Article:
You’ve admitted that you need help. You’re tired of dealing with the same issues and you’re ready and eager for a change. But, you’re at a challenging crossroads. You want to gain from therapy but you also want to make sure you don’t waste your time or your money.
Whether you’re scheduling your very first appointment or reeling from another seemingly unsatisfactory session, successful therapy requires diligence and effort from both parties. As it turns out, your treatment outcomes aren’t dependent on pure luck or randomness. There are a few concrete steps you can take to truly get the most from therapy.
Identify One (Or More) Goals Ahead of Time
No, you don’t need a specific reason or formal diagnosis to enter therapy. You only need the awareness that you want something in your life to change or improve. That said, you do benefit from having some structured framework of what you want to address.
Knowing your goals for entering therapy serves many purposes. For one, it helps therapists orient their approach to best serve your needs. Moreover, it allows you to prioritize your time in sessions to address the issues most pertinent to your success. Rather than talking about every problem that surfaces you’ll know to pay the most attention to the ones impeding your goals.
Remember that goals can and do evolve, and this change is normal. For example, you may initially enter therapy to work on burnout at work. In time, however, you may realize that you are actually dealing with serious depression.
Write Down What You Want To Discuss Before Each Session
This suggestion may seem counterintuitive. After all, shouldn’t your therapist know what you need to talk about? Or shouldn’t the material organically rise in the session when the time is right?
In theory that would be great. However, in reality even the most self-aware clients draw a blank the moment after sitting down for the session. There are many reasons for this ‘forgetfulness.’ You may feel nervous. Your thoughts may feel disorganized and scattered. Or, you may just be distracted by the events that occurred just before arriving.
Regardless, writing down different topics during the week can help you stay on track during your sessions. The documentation will help jog your memory when it’s time to talk. Furthermore, you can get right down to business.
Be Honest With Your Therapist
Therapy is a two-way relationship that requires true honesty, mutual respect and open communication from both parties. To get the most from therapy, it is important to remember that even the best clinicians can make mistakes during the treatment process!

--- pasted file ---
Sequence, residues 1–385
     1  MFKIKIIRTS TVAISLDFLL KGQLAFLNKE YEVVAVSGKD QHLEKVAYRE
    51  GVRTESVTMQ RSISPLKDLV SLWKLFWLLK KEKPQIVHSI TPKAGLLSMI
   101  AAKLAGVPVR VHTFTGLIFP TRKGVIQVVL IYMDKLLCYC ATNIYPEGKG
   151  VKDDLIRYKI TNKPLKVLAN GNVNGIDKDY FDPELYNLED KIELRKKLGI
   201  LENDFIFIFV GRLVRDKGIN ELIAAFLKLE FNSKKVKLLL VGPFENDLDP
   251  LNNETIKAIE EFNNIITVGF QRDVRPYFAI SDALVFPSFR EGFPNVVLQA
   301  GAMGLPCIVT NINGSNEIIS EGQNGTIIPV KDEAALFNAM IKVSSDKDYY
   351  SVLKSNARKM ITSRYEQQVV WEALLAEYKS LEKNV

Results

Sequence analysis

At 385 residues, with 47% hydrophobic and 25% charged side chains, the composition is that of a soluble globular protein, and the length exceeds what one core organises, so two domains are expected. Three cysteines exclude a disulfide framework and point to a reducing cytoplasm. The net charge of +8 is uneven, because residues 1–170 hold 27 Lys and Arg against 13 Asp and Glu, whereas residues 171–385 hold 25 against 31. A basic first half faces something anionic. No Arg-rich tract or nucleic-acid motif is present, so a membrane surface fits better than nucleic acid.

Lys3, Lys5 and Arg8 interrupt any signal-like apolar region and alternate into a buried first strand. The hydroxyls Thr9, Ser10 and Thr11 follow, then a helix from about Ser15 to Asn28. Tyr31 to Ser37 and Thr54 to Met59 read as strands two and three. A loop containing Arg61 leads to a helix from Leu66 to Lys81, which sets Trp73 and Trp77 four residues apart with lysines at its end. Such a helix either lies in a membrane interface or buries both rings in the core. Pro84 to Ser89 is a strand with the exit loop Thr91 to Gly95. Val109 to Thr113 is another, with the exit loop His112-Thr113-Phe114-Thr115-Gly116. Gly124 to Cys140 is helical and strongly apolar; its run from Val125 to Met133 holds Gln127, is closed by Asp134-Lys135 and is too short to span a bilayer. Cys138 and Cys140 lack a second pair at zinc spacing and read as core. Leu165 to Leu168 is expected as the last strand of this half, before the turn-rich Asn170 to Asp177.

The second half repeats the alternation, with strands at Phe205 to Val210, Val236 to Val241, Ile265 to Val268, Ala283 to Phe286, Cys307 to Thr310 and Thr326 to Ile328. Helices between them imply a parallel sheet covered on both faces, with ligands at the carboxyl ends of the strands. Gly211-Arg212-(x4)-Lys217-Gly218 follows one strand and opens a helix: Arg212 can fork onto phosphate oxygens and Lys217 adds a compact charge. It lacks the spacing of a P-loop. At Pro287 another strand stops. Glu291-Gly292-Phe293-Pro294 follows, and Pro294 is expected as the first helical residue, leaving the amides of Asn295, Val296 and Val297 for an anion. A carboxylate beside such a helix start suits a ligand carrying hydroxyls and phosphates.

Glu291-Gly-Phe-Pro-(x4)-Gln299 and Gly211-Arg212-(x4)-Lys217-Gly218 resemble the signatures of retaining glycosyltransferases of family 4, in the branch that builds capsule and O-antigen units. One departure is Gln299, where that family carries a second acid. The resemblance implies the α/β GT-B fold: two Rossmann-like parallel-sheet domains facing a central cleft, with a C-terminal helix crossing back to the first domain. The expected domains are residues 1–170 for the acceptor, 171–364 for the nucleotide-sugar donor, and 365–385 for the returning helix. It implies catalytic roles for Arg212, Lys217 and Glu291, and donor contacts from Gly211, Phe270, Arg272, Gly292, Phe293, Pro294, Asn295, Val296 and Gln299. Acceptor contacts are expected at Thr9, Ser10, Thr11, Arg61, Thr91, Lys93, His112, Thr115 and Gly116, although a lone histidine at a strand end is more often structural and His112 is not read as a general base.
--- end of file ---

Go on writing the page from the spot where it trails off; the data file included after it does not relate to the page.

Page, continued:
What does it mean for a therapist to make a mistake? For one, they may assume something about your life that is incorrect. They may inadvertently make a comment that feels offensive or abrasive. Or perhaps, they may arrive a few minutes late one day and the infraction makes you feel insignificant or unimportant.
Mistakes happen and seasoned therapists know how to address them in a healthy manner. However, you also hold responsibility for speaking up when you feel uncomfortable, agitated or confused by your therapist. Harboring these feelings may lead to resentment and distrust, both of which can rupture your relationship.
While sharing your feelings may feel frightening, this vulnerability can create a valuable space that can actually strengthen your work. I ask all my clients to let me know when I’ve done or said something they don’t like. When clients actually do tell me, it always leads to a very productive conversation and also allows us to work it out and move forward.
Commit To The Work Outside Of Therapy
An hour-long therapy session hardly compares to the 168 hours we experience each week. Even if you practice utmost honesty and vulnerability in your therapy sessions, you won’t notice profound progress if you aren’t willing to initiate healthy change.
Successful therapy means integrating what you’ve learned and implementing that insight into your daily life. For example, merely talking about your anxiety isn’t enough. To actually cope with it you must put the action-based skills into practice.
Of course, the work is always easier said than done. Even positive and healthy change can feel intimidating. You may worry that even your best efforts won’t work. You may have tried certain strategies in the past with limited success.
That said, listening to the suggestions in therapy is one thing. Following through with them is where the healing truly happens.
Keep Going Even When You Want to Stop
Therapy often feels like a roller coaster ride. Some sessions breeze along smoothly and other sessions are stomach dropping, hang on for dear life emotional whirlwinds. You may tell yourself you don’t want to get back on the ride when it feels like that!
But here’s the thing - those tough sessions are often where the real growth and change happens. If you are willing to go to your next session, tell your therapist how you’ve been feeling and process through the emotions, you will gain tremendously. Yes, therapy is hard work but on the other side of all that hard work is the life you want to live.
Get The Most From Therapy
By setting positive intentions and committing to the change process, you’ll be maximizing your efforts to get the most from therapy. Remember that the work can feel like a dance of trial-and-error. You must trust the process for the recovery to unfold.
Ready to make the first step towards meaningful change? I’m here for you.